Monday, September 5, 2016


Last Wednesday's (Aug. 31) Waterloo Region Record carried the following story titled "No swimming at Conestogo Lake due to algae". The algae are of the blue-green variety and can be toxic either by ingestion or even by skin contact. The Grand River Conservation Authority issued the warning including signage at the park gatehouse and beach. The actual toxin is called microcystin and is released into the water when the algae die. The same problem occurred a couple of weeks ago at Belwood lake outside Fergus resulting in water restrictions for about a week.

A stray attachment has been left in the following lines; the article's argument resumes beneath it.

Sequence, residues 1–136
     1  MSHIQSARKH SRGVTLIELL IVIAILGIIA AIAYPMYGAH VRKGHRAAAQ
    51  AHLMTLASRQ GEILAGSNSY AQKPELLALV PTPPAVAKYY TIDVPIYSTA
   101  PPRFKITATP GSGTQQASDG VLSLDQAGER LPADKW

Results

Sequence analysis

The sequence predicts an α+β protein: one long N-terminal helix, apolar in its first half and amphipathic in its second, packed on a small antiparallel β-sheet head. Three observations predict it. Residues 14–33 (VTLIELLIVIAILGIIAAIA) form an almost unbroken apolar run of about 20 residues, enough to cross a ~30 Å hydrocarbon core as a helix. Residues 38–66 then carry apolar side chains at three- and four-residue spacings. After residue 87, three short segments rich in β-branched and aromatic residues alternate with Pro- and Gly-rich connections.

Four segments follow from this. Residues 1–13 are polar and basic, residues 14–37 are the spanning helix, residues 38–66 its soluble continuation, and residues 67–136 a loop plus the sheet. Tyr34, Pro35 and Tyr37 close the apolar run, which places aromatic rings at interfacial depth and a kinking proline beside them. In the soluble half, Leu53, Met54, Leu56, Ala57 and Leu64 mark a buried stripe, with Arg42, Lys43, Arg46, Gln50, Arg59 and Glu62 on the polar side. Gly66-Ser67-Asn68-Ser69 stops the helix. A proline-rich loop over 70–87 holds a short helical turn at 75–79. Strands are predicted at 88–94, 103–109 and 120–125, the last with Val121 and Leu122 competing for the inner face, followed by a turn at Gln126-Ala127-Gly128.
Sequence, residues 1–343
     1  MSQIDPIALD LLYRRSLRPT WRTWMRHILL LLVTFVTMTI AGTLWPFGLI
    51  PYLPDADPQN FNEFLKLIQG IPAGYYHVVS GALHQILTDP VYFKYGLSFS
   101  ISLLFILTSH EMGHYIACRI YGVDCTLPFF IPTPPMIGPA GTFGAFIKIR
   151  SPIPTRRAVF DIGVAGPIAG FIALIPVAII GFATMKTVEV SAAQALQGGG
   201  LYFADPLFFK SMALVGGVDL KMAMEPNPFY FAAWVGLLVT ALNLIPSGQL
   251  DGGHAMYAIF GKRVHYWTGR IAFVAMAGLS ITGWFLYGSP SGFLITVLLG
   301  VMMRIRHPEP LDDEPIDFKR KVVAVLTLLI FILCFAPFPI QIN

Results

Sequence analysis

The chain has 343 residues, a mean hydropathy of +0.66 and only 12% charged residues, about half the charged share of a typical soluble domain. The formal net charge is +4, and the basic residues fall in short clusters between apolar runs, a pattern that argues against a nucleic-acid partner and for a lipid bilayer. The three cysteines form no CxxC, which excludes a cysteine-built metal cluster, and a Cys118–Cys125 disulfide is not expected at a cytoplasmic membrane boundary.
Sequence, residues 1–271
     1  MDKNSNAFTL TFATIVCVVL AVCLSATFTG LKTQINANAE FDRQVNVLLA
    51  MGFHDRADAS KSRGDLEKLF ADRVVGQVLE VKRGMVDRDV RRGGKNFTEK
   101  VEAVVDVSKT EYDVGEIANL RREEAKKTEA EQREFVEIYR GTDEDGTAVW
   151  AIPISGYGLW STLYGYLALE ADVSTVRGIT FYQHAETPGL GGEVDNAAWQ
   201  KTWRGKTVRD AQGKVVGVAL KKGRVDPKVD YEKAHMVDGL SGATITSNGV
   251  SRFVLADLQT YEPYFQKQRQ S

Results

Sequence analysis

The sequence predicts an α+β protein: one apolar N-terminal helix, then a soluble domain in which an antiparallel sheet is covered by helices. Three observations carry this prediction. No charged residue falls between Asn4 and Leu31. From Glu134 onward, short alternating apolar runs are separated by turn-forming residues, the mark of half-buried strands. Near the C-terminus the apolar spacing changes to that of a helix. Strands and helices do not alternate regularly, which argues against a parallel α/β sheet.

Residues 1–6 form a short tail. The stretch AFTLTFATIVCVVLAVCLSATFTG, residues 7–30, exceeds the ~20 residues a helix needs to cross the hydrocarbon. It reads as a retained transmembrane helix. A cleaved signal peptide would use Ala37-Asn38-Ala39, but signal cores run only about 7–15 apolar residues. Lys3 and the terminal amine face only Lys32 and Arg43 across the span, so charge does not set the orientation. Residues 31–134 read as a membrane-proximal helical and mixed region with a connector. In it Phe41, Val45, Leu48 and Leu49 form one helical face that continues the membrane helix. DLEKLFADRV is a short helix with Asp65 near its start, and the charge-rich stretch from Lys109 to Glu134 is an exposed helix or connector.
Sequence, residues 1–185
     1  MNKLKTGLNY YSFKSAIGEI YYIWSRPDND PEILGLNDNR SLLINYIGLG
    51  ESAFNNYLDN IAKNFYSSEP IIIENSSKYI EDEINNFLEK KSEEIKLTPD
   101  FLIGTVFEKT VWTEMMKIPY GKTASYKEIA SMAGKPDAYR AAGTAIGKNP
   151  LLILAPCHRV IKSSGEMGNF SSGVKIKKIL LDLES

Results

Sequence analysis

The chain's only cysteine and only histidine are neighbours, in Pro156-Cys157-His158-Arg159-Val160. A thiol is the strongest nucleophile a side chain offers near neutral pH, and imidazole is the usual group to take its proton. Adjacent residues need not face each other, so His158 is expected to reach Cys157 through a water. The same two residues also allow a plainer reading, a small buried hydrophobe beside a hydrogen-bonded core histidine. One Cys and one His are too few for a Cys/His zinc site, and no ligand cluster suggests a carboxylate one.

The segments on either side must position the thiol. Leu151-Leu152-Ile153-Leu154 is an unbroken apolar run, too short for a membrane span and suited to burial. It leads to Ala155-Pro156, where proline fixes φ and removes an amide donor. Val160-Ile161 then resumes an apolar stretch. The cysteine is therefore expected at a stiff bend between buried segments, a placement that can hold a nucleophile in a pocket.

The Record article refers to algal blooms as being a natural phenomenon that occur during hot, dry weather. Fair enough however they are also the result of human activities and interference in the natural environment. First of all free flowing water especially if shaded by trees and bushes doesn't warm up as much as water dammed and spread out over a large area receiving the full effect of the sun's rays. Secondly these blooms are also assisted by additions to the natural environment such as phosphorous and nitrogen. These present in the water courtesy of agricultural fertilizing of the nearby land promote the growth of algae. Last but not least I suspect would be the addition of septic tank runoff. That too would assist the growth of algae. Keep in mind that the need for a dam in the first place is for flood control as humanity have first cut the trees and drained the wetlands that were the natural flood controls in the first place. Maybe not so natural afterall.

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